Ezra and Nehemiah are books about coming home. However, homecomings can be more difficult than expected, even disappointing in some ways. You know, like when you came home from summer camp to find your parents had turned your bedroom into an office with a treadmill desk and now you have to share a room with your annoying little brother. Ezra and Nehemiah are concerned with creating an ideal home but this means making a lot of changes: forcing people not to work on the Sabbath, rebuilding the city, and condemning mixed marriages. It's not exactly the glorified return to Jerusalem that all the Major Prophets were talking about.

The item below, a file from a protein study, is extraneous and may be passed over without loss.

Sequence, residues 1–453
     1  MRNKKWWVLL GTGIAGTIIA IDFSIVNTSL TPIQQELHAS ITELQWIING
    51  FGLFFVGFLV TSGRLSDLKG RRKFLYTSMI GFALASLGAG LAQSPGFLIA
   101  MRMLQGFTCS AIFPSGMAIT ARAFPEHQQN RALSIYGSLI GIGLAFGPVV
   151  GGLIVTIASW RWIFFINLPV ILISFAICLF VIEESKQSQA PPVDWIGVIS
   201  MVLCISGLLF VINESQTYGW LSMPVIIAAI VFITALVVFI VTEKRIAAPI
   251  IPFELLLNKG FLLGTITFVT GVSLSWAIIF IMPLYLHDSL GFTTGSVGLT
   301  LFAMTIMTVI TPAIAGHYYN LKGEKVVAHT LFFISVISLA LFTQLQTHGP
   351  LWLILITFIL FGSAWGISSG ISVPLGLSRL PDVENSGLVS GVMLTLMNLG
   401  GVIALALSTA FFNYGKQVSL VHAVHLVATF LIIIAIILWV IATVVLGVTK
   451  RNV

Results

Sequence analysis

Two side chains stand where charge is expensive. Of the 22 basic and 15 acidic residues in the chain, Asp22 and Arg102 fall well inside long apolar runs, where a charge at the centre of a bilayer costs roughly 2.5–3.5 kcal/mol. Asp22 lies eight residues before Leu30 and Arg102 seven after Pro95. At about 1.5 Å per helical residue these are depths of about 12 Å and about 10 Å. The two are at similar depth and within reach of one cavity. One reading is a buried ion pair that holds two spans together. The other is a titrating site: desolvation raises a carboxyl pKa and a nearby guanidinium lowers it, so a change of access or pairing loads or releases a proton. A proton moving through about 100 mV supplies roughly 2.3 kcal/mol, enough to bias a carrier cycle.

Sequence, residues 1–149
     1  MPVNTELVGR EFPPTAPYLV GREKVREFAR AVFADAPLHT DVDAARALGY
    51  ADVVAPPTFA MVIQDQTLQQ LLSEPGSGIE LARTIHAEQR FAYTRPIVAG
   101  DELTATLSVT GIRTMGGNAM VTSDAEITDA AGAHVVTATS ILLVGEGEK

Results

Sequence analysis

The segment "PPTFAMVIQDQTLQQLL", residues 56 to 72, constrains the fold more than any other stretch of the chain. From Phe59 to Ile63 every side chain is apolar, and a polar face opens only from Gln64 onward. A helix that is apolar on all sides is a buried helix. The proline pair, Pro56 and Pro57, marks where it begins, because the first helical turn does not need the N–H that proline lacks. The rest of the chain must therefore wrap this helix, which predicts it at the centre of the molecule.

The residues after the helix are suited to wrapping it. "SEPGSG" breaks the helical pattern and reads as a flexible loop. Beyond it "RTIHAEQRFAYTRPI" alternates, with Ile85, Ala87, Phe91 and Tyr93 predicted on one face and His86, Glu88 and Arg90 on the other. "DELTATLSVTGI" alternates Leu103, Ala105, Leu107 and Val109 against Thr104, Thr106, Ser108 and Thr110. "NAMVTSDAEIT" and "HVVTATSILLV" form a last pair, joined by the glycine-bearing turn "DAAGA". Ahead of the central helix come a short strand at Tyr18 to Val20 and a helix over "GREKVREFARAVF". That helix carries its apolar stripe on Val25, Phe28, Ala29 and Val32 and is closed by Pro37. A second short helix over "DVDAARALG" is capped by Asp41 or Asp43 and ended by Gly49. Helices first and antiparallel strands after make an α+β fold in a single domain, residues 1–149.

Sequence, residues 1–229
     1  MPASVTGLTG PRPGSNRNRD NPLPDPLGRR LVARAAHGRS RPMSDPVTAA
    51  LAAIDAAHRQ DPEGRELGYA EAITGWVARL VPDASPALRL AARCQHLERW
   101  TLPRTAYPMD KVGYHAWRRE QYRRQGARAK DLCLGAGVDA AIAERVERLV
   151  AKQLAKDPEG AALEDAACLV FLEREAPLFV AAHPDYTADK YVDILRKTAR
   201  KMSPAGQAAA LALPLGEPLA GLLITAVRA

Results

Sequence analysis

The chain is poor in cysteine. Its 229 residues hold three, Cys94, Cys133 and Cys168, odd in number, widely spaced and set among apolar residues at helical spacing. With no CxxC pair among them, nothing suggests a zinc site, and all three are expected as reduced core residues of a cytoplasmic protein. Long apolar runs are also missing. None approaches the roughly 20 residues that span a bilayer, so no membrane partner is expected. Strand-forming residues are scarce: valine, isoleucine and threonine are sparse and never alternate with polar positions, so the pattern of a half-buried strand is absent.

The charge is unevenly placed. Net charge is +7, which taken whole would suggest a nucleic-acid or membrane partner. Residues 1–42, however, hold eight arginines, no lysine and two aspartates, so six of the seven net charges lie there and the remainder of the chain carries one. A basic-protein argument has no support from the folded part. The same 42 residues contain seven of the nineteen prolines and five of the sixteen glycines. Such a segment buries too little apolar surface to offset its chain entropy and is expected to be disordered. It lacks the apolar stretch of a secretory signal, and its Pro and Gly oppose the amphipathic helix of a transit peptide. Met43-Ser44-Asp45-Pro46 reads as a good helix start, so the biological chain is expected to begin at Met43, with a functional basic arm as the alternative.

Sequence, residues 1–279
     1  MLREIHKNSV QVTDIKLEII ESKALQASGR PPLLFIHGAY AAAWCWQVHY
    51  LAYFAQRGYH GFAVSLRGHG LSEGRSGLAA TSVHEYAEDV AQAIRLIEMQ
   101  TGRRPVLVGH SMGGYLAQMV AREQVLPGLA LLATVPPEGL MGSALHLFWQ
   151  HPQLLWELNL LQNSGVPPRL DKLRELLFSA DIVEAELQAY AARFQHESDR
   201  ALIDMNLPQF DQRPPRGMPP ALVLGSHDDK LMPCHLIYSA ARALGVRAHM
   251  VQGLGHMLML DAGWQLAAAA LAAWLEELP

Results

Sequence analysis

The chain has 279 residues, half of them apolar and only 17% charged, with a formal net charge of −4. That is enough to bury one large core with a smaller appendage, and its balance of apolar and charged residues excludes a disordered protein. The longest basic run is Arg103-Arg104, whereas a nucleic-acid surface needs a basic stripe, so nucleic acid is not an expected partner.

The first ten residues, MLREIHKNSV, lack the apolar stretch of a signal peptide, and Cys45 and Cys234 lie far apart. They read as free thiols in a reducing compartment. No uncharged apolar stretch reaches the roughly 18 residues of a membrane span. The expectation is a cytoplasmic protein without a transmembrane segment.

Plus, by the time the exiles got back to Judea, it had become home to lots of other people, including the poorer Judeans who were allowed by Babylon to stay behind, as well as other tribes like the Not-So-Good Samaritans. They made life difficult for the exiles. The Samaritans knew that a brand-new Temple in Jerusalem would draw Jews from all over, which would threaten their control of their own lands. So they tried everything to stop the building.
Questions About The Home
Is the homecoming underwhelming? If you read Isaiah or Ezekiel, were you expecting a bit more, based on those prophecies?
What did the returned exiles find different about Judea?
How do Nehemiah and Ezra think of their home? What needs to be done to make it familiar and inviting?